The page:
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    it may be me being too anal and i am guilty of being that. a l. here is one of my latest at blistering speed using an offset tool path. the lines are more visible in it. a lot of times in 3-d you just cant reach the area that needs to be sanded. i use a sanding mop for that and it helps but even it has its limitations.
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  8. #18
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    Rick,
    It may be helpful to cut the same file in a product like HDU.....
    Material ( wood ) is known to move while it's being cut....
    HDU shouldn't.
    Then compair the finished items.
    Michael

  9. #19
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    i dont even know how to spell hdu but thanks for the idea. when i went from offset to raster and slowed my speed down it seemed to help a lot. i have taken 2-3 readings with the dial indicator and each time it shows too much play in the x stepper motor. i have abused it perhaps one to many times over the years. all i do is large 3d plaques.

  10. #20
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    Jeff and Rick,

    Raster always, but do so with the axis that runs the length of the gantry and not the length of the table/moving table. With improper ramp settings and the full weight of the gantry or table rastering back and forth, you can set up a resonance/jiggle, that is transferred to the cut, when that axis has to ramp or slow down to allow the Z axis to raise up and over any features and also when it takes off again. If default ramp settings are being used, this situation gets amplified. Also, try to match feed and plunge rates to aid in this ramping situation. If you have excessive backlash, then that will also add to it. 0.013 is excessive Rick, but I'm not to suprised if that motor is the one that you raster with and if it is also the table one. Make sure that the pinion is tight and also that it's tight into the rack (I know you've been through this but...). When checking with the dial indicator, don't apply any more force than needed to take up the slack, because if you apply more, you can start to turn the pinion/motor slightly before it will totally loose steps (yours being a standard machine).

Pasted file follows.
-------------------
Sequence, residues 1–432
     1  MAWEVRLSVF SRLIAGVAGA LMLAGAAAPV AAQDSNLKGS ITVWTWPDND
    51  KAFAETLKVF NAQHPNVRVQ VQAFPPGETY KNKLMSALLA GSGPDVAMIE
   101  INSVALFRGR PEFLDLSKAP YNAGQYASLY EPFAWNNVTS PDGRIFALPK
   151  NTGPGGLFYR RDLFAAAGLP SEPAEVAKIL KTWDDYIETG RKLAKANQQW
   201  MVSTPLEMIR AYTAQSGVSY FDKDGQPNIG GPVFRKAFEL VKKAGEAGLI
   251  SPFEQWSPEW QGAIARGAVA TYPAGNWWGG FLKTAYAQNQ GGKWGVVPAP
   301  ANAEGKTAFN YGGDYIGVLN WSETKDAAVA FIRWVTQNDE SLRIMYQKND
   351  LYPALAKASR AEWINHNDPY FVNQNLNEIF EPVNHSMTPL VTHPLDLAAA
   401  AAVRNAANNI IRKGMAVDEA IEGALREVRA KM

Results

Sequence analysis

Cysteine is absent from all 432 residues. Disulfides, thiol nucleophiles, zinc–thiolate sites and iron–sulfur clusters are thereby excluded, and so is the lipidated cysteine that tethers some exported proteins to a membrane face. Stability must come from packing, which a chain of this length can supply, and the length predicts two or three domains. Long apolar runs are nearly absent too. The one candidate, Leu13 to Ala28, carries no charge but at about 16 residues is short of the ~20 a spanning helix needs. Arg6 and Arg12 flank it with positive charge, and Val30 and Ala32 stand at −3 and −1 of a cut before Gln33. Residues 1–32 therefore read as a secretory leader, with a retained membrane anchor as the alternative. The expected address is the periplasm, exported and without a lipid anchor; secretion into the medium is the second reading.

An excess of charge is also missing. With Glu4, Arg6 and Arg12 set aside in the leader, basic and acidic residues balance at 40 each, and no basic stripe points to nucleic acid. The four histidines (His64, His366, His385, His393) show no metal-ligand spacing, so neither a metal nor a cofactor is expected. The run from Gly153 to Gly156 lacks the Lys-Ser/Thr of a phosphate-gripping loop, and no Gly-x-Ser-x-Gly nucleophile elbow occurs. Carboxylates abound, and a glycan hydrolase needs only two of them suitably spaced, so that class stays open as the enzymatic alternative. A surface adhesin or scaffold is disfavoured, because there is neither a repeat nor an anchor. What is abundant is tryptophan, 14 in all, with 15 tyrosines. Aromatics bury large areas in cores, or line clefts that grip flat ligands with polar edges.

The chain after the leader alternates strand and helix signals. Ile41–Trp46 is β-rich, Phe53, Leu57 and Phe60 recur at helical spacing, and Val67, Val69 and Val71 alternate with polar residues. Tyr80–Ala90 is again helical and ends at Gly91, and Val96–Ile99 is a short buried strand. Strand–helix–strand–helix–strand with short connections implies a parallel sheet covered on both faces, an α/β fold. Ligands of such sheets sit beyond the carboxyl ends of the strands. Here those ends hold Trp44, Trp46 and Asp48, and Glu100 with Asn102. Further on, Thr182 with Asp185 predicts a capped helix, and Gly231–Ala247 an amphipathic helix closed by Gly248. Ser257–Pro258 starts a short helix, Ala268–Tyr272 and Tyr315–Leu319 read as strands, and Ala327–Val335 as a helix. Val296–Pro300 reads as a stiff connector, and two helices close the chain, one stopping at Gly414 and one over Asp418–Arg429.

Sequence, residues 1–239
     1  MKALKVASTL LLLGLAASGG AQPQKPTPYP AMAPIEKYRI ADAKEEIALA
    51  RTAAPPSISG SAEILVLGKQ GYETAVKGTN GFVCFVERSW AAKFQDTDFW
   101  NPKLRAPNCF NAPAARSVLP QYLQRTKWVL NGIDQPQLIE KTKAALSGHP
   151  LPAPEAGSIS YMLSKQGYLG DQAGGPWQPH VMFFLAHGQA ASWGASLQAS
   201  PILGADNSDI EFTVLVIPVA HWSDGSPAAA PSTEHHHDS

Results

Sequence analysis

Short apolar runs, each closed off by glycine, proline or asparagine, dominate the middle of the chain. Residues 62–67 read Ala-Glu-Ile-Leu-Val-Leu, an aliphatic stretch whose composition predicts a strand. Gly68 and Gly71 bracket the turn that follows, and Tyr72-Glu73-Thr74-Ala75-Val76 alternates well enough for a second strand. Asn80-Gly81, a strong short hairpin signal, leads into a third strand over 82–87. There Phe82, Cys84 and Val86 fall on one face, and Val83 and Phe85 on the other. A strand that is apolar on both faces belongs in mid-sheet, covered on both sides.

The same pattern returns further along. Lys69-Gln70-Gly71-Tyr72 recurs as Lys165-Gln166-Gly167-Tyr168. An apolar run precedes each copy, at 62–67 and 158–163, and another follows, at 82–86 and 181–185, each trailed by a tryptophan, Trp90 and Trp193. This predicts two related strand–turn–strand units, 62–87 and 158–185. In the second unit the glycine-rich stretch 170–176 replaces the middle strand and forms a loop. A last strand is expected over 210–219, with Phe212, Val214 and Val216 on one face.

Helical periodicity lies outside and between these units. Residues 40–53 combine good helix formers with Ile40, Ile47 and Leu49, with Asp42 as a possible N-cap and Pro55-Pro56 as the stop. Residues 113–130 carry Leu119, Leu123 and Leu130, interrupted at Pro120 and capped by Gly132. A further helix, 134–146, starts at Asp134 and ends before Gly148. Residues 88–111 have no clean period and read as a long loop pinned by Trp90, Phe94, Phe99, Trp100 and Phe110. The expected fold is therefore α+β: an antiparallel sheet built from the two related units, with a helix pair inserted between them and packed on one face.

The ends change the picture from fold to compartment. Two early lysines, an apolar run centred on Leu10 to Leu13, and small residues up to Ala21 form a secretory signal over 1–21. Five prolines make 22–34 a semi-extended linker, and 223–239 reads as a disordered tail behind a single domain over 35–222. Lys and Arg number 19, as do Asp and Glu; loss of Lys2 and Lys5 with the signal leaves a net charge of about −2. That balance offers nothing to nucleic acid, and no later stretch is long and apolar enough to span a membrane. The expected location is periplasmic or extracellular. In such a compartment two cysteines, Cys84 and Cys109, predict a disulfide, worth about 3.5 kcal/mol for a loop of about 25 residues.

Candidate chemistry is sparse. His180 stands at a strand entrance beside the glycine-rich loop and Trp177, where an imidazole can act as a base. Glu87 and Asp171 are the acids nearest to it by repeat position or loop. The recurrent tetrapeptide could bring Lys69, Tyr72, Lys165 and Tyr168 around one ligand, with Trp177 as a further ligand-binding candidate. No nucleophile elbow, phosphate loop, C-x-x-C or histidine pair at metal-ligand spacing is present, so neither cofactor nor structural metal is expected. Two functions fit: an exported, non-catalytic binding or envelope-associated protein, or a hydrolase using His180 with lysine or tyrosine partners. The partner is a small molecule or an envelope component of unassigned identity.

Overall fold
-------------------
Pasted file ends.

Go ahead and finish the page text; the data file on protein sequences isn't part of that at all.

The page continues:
A question for Rick, when you do a offset toolpath and it starts at the center of the design, when it gets to the final outermost pass (like the last perimeter or so), does the tool start to do a lot of up and down Z moves when it should just make a smooth steady one depth perimeter pass? Whenever I have used that toolpath strategy, the final pass or two will take forever because it has been told to basically do a Z-hop all the way around. This is an Aspire/rim pixel thing and one reason I never use offset. With the amount of backlash you have, as you circle around the design, that backlash will come and go as it changes direction and cutting force and in turn translate those ripples to you finished product.

    I've posted it before, but read and reread and test and test to find values that work for your machine and task.... Tune your tool. I know it's a daunting task, but it you don't take the time, you don't reap the rewards. This was done rastering Y across the gantry (across the grain as well) with a 2mm ballnose 8% stepover @14 hours and minimal cleanup.

    Here's a video of the kind of motion one should strive for with 3D raster toolpaths. Granted, this machine is no longer under SB3 control and SB3 will never get this smooth, but you can get close if you take the time to tune it (and raster across the gantry). https://youtu.be/dJdIBX7k8EE
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    Scott

    If guns kill people, I guess pencils misspell words, cars drive drunk and spoons make people fat.

    "Those who hammer their guns into plows, will plow for those who do not" - Thomas Jefferson